Chris Rock has uttered many widely quoted routines from the stand-up stage over the past two decades. But what could become his most memorable and repeated words arrived Wednesday in a 20-character tweet: "This one was on film."
It was less a punchline than a national punch to the gut. Rock, in five words, summed up the mix of disbelief and outrage experienced by many after a Staten Island, N.Y. grand jury decided not to indict a police officer in the death of Eric Garner, 43, whose struggle for life was captured on video. He also invoked the lingering rage felt by many over a Missouri grand jury's decision last week not to indict a cop in the shooting death of another African-American man, 18-year-old Michael Brown.
Rock transcended comedy with the tweet in the same week he addressed the turmoil in Ferguson, MO. in a widely cited New York magazine interview, and penned a potentially controversial essay for The Hollywood Reporter in which he called part of the supposedly liberal movie industry "kind of racist" and refers to Los Angeles as a Mexican "slave state."
All of this adds up to Rock taking his act to a bold new level, earning himself a place beside Richard Pryor and George Carlin as among the greatest standup comic/social critics of our time, embodying the spirit of Mark Twain.
U.S. & World
It’s tricky business, though, when comedians get serious. Viewers watched Jon Stewart’s struggle to process the Garner news during Wednesday’s “Daily Show,” which was taped around the time Rock tweeted. Stewart, by turns exasperated and angry, declared, “If comedy is tragedy plus time, I need more f-----g time,” he said.
As powerful and honest as Stewart’s reaction came across, Rock's words resonated more – not just because he's an African American son of New York City, but because his terse tweet struck notes beyond raw emotion.
Rock's publicity tour for his new movie "Top Five” has coincided with the grand jury decisions not to indict police officers in the deaths of Garner and Brown, adding to his considerable visibility. Ferguson-related comments from his expansive interview with New York magazine's Frank Rich flew across social media, including this segment: "White people were crazy. Now they’re not as crazy. To say that black people have made progress would be to say they deserve what happened to them before."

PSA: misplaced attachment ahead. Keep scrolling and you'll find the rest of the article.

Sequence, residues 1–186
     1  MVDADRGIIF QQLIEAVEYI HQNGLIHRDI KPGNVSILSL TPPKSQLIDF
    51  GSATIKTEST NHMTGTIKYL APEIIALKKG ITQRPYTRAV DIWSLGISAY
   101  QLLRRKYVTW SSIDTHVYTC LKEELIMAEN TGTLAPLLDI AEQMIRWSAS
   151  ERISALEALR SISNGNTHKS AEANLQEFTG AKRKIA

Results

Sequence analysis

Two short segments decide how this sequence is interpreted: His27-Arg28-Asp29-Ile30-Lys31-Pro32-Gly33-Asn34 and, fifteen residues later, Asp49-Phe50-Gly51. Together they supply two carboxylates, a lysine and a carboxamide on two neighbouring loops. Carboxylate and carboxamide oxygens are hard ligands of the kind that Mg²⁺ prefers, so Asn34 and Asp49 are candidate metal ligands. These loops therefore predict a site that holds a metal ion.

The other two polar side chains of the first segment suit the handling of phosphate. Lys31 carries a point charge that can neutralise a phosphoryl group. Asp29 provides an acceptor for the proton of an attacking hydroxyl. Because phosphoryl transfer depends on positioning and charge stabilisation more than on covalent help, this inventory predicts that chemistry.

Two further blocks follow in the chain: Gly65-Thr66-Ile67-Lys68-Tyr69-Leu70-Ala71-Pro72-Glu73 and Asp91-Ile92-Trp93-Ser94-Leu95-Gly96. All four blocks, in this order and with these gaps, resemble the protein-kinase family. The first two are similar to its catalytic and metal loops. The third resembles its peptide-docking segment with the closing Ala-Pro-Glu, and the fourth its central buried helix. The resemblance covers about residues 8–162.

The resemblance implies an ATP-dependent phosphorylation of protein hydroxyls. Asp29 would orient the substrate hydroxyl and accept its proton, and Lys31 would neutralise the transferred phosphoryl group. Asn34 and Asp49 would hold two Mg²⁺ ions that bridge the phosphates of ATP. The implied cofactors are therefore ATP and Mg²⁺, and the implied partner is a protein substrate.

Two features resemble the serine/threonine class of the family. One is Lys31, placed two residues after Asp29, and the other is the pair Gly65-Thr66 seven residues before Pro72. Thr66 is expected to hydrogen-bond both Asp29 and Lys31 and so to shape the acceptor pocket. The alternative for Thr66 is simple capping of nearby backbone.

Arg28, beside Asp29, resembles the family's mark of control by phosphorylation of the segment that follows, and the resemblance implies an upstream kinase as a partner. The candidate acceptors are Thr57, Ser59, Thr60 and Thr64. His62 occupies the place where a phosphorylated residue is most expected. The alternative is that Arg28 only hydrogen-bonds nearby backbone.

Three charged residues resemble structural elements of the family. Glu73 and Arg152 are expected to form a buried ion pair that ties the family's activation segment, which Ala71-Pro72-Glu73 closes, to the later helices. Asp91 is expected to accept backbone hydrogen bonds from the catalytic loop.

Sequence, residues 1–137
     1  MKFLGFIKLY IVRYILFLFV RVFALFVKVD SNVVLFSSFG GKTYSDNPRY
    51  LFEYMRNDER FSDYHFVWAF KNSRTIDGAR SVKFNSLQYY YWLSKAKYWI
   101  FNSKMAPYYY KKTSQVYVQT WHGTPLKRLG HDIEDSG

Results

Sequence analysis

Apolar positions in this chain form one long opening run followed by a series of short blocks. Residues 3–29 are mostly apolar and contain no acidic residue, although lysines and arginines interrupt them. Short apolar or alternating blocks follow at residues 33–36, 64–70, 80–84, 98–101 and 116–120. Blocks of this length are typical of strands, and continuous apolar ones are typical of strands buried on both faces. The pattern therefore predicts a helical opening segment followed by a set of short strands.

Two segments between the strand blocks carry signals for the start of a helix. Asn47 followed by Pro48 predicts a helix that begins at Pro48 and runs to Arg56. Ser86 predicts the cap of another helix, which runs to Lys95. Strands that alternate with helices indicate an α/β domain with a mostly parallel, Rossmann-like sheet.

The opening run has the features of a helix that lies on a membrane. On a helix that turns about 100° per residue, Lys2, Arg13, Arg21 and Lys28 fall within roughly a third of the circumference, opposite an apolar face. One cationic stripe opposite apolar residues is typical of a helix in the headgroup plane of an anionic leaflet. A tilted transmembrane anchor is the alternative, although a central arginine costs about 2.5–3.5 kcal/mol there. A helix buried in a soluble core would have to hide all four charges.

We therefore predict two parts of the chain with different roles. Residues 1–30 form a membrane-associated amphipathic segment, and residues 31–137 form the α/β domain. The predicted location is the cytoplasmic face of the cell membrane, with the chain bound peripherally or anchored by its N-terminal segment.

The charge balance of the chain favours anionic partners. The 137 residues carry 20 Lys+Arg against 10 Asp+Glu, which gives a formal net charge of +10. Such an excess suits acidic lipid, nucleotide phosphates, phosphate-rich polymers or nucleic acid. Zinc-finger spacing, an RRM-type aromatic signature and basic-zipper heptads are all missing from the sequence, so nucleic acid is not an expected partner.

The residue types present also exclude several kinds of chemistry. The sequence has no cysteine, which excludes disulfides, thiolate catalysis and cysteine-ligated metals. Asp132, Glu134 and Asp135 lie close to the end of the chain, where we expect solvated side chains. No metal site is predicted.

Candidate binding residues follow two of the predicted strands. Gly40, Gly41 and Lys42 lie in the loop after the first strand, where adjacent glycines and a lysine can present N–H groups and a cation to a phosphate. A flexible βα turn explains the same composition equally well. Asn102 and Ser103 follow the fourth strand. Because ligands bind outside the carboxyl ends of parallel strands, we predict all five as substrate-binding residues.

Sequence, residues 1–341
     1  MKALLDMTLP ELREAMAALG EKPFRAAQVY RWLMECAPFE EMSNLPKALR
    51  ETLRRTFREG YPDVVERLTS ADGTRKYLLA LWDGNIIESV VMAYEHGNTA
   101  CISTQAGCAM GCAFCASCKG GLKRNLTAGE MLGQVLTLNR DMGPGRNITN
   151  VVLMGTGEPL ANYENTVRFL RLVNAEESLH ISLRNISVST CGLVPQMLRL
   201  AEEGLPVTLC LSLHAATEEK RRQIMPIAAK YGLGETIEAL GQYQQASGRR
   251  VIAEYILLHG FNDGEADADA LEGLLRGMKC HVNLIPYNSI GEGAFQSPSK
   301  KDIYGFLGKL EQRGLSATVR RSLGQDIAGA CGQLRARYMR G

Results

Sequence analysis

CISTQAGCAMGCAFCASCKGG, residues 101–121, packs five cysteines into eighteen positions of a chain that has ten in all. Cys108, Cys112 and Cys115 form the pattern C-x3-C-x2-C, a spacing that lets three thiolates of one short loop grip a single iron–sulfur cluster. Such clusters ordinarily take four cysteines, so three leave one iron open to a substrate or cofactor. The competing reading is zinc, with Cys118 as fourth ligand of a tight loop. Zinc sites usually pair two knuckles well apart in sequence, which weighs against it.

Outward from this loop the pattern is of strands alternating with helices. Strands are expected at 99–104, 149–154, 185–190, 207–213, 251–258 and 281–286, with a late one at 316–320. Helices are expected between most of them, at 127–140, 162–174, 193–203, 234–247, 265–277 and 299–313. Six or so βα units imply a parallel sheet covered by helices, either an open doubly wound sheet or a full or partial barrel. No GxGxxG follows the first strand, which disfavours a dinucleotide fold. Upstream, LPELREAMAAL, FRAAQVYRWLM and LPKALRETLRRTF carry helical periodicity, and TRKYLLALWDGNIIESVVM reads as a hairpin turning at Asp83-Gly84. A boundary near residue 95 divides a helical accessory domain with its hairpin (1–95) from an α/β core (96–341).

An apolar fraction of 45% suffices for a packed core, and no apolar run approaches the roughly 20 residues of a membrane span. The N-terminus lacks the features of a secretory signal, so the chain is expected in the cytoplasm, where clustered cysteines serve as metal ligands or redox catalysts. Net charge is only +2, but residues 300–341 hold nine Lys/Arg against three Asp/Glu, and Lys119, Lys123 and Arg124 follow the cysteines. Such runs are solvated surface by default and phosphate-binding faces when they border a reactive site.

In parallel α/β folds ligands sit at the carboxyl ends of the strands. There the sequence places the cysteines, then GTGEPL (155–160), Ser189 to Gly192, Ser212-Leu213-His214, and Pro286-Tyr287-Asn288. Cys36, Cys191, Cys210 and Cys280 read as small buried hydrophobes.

Rock, whose new flick stands as perhaps his best shot at gaining elusive movie stardom, didn't hesitate to tell the truth about the film business, as he sees it, in his Hollywood Reporter piece: "It's a white industry. Just as the NBA is a black industry. I'm not even saying it's a bad thing. It just is."
Rock is taking a risk. As evidenced by Pryor, Carlin, Twain and others who use humor as a vehicle for social criticism as much as entertainment, unflinchingly discussing race and the worst impulses of human nature can be a daring and sometime dangerous undertaking.
Whether or not you agree with Rock’s takes, there’s little doubt we’re watching a great comedian use the powerful combination of intelligence, honesty, life experience and an ability to cut through the noise amid divisive recent events to elevate his game, delivering words that make you think as much as feel – and make you cry as easily as laugh.
Jere Hester is founding director of the award-winning, multimedia NYCity News Service at the City University of New York Graduate School of Journalism. He is also the author of "Raising a Beatle Baby: How John, Paul, George and Ringo Helped us Come Together as a Family." Follow him on Twitter.